Tuesday, 30 June 2009

Back To The Drawing Board

Now that my dream of becoming a multi-millionaire within a year by laying horses has been shattered, I am having to revert back to my original plan of achieving financial freedom slowly and steadily. 

How very boring. I can see why the News of the World thinks that a headline of "I made 20 million pounds in one year" is a little more eye-catching than "I made 1 million pounds over 20 years". 

Never mind that there's at least a chance that the latter headline would be close to the truth.

I read an interesting piece on Investopedia.com about the ages at which millionaires first of all find their dream job, and secondly actually make that first million. It quoted the billionaire investment guru Warren Buffett as saying "Money is a by-product of something I like to do very much". 

The article goes on to say that "Enjoying your work allows you to have the discipline to work hard at it every day. People who interact with money for a living, bankers for example, often love creating new deals and persuading others to complete a transaction. But finding your dream job may take time.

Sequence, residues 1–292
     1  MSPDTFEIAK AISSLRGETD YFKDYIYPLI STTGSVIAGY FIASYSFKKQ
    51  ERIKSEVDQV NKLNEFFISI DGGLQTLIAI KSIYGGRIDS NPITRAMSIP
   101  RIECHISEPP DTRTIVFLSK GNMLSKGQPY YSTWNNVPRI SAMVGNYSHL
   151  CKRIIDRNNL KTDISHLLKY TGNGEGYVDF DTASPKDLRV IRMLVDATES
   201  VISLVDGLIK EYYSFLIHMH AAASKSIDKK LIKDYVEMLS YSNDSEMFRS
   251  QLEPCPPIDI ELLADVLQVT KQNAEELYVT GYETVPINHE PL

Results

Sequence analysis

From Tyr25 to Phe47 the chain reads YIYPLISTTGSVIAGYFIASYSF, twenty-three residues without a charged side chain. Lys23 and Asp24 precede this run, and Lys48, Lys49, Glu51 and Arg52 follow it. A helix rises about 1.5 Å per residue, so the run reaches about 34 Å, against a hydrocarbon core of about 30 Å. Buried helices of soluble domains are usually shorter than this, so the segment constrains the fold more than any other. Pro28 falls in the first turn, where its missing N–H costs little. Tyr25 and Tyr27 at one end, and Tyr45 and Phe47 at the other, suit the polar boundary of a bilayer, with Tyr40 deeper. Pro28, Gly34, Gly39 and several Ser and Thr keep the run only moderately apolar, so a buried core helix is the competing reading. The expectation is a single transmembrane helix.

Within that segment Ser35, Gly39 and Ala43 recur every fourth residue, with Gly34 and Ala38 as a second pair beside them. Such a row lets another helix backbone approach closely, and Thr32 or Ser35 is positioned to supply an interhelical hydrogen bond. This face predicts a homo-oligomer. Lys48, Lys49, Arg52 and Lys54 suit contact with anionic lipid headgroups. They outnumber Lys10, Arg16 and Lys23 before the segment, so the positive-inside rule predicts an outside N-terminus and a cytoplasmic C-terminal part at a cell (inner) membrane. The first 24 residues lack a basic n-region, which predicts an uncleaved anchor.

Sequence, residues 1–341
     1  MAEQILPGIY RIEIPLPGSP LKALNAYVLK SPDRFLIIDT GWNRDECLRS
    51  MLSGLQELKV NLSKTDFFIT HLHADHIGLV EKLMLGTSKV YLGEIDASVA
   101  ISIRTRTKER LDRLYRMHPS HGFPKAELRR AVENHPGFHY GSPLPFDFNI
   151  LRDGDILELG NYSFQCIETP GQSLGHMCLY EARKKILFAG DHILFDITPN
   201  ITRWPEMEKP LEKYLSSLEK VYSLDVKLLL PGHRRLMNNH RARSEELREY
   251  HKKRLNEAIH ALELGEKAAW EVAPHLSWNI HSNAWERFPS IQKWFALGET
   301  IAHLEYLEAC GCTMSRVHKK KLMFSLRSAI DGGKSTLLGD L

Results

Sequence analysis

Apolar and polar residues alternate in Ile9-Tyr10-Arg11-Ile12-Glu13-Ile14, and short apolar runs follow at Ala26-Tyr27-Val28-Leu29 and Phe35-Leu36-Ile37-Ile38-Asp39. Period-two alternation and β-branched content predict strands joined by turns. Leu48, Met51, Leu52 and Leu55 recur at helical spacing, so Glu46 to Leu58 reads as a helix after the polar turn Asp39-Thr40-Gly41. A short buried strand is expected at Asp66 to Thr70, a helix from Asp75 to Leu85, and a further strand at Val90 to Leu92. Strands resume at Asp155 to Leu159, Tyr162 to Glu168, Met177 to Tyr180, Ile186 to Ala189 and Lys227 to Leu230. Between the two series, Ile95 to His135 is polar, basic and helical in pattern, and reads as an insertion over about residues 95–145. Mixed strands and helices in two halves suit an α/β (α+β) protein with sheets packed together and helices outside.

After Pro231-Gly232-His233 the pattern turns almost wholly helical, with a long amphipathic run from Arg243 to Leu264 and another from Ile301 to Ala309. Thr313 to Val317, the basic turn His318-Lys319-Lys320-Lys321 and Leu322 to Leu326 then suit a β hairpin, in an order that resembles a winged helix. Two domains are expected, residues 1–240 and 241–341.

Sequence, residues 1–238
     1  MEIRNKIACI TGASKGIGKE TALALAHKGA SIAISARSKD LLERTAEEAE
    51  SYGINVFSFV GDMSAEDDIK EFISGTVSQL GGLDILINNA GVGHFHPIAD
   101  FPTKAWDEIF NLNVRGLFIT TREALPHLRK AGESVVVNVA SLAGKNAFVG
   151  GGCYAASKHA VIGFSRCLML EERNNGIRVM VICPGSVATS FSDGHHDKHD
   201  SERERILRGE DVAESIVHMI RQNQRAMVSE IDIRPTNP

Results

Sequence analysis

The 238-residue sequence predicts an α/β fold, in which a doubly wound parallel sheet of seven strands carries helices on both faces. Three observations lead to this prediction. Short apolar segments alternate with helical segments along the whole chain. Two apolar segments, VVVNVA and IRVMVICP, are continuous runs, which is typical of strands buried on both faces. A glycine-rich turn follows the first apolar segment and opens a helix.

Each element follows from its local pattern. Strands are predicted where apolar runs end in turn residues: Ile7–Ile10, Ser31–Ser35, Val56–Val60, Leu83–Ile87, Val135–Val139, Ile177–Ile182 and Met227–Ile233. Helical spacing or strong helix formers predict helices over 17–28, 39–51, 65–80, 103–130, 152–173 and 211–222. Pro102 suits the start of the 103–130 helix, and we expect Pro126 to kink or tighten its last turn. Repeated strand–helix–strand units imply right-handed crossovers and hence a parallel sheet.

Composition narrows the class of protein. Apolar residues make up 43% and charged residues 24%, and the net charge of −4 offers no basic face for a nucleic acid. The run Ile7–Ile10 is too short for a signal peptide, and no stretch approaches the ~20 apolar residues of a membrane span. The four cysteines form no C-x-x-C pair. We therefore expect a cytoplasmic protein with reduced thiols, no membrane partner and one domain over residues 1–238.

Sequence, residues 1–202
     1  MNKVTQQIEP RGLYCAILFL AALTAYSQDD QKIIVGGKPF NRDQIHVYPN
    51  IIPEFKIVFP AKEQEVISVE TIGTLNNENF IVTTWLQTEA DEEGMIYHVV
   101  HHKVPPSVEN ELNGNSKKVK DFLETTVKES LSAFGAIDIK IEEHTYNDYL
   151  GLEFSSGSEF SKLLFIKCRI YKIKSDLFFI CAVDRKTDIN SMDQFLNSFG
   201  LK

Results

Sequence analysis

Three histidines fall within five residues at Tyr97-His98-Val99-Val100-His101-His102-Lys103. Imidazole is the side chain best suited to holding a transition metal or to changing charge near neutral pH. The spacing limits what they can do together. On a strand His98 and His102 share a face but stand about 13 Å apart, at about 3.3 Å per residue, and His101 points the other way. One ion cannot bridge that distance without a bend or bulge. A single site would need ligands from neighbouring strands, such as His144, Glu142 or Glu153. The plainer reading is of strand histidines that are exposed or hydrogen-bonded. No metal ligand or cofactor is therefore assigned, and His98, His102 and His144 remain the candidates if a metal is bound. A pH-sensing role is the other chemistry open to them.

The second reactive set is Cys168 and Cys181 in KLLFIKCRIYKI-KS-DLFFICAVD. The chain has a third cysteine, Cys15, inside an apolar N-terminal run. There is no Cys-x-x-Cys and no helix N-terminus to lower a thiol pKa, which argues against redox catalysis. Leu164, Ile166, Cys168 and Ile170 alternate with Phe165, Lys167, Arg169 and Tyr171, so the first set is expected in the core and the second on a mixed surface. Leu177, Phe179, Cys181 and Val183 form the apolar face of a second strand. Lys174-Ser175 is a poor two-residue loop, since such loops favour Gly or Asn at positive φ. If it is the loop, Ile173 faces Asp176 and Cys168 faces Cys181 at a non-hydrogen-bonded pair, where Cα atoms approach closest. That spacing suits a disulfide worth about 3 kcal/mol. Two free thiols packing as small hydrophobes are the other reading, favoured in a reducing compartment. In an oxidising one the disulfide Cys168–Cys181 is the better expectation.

The average millionaire doesn't find it until age 45, and tends to be 54 (on average) before becoming a millionaire. Author Dennis Kimbro (who wrote "Think And Grow Rich") found that millionaires tried an average of 17 ventures before they were successful. 

So, if you want to be rich, stop doing things you don't enjoy and do what you love. If you don't know what you love, try a few things and keep trying until you hit on the right thing".

That age of 45 just happens to be close to my age (47) when I discovered Betfair, something which I really do enjoy doing every day, which means that I should be achieving millionaire-dom within two or three more years. I think I may be slightly behind schedule.


Brian Coplin said...

Better to be a little late than never.

PhilipH said...

"Think and Grow Rich" was a book I read many years ago; I thought it was by a bloke called Napoleon Hill, who wrote it after reading a Dale Carnegie self-help book.

For decades I've been thinking every single day. As yet, it has not worked for me. Well, not in money terms.

It all depends on what being rich means to one. If it's just to have more and more money then you may never be satisfied.

To be a millionaire today is not that big a thing either. The target is now to be a billionaire; a mere millionaire is just getting a toe on the money ladder.

In the great scheme of things it all boils down to nothing anyway.

Be Happy - that's the best target.

Cassini said...

Brian - yes, a year or too late, and I won't complain too much.

Philip - money buys freedom. A billion might be a little ambitious, but there's no reason why a million isn't achieveable in life these days, but I agree that money isn't everything. I think health is the top priority in life - without that, everything else is kind of pointless.